For generations now, humans have grown accustomed to devices talking to us. We gathered around the wireless to get the news and sat around the lounge to watch sitcoms and game shows. People on the go listened to their favourite tunes on walkmans, and now there’s all manner of audio streaming our way on smartphones.
So far, the conversation has been largely one-way — but that’s beginning to change.Voice enabled technology is making rapid advances into the lives of consumers — and the potential to change the way we interact with our devices, each other, and brands is huge.
The current voice technology ecosystem is dominated by digital voice assistants (DVAs) like Apple’s Siri, Google Assistant, Amazon Alexa and Microsoft Cortana.
Based on a recent survey of 1,000 Australian consumers conducted by GrowthOps, 42% have used a DVA at least once. The most popular activities are searching online, followed by getting directions and composing texts or emails.The research also revealed that smartphones are the most popular device to access voice technology, well ahead of tablets, laptops and smart speakers.
Only 8% of Australians have used a smart speaker like Google Home, Amazon Alexa or Apple HomePod. In the US, the proportion of homes which own a smart speaker is double this at 16% based on NPR’s 2018 Smart Audio report.
In the US, Amazon’s Alexa dominates the market as the most popular smart speaker by far, while only having a marginal presence in Australia. Given the recent launch of Amazon into the Australian market and the popularity of the brand in the smart speaker space, we may expect to see the Australian market influenced strongly by Alexa as Amazon consolidates its presence here.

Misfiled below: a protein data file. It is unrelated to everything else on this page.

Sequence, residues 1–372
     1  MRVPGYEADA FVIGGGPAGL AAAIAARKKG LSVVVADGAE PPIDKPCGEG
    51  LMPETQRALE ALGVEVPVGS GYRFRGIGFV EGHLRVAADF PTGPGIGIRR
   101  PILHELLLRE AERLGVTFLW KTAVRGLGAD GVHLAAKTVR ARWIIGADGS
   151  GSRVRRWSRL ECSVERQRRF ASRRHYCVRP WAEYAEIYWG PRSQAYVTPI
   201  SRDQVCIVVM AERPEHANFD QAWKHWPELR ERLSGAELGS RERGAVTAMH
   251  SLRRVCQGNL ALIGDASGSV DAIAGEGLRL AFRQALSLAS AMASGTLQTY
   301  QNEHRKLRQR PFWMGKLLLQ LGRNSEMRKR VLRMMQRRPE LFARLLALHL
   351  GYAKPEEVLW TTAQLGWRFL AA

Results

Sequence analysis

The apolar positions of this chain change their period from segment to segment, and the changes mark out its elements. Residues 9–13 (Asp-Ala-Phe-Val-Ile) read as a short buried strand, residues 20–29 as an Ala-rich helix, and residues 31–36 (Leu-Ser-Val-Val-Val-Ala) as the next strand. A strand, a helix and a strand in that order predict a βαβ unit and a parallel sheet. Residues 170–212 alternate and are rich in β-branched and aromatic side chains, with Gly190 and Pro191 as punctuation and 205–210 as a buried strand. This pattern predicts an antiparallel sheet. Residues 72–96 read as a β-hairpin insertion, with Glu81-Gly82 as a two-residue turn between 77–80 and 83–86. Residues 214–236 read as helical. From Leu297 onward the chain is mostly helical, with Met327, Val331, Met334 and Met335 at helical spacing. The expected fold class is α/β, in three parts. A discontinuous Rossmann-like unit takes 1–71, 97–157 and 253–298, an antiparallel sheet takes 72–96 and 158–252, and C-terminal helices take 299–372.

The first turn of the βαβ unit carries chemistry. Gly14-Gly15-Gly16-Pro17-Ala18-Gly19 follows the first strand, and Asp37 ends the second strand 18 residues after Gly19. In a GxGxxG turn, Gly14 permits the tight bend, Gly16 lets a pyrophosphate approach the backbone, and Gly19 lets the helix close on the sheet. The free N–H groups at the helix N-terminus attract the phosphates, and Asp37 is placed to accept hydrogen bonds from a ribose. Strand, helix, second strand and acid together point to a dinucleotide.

One of the clearest findings in our research was the generational divide in DVA usage. Most Australians aged under 34 have used DVAs in the past. This contrasts with less than half of people aged over 35 and only 17% of those aged over 65.
There is a massive opportunity for DVA providers to target older demographics. Part of this is also linked to smart speakers, which are more popular with older consumers in the USA, so we may see increased use of DVAs as smart speakers grow in popularity here.
Despite their revolutionary potential, DVAs are not changing our lives quite yet. One of the main factors preventing more widespread use is the ability of DVAs to translate the user’s voice to text. As with 3-year old Hannah’s frustration that Siri can’t show her a lion, 50% of Australian DVA users in our recent reported being frustrated by their device not understanding what they say.
And while an Australian accent can be difficult for some people around the world to understand, you have to feel some pity for poor Scottish or Irish DVA users!
Part of the problem for DVAs is that while they speak like us, they don’t listen like us.
In the vast majority of our interactions, the person we are speaking to can pick up on what we are trying to say with subtle cues, like body language and tone of voice.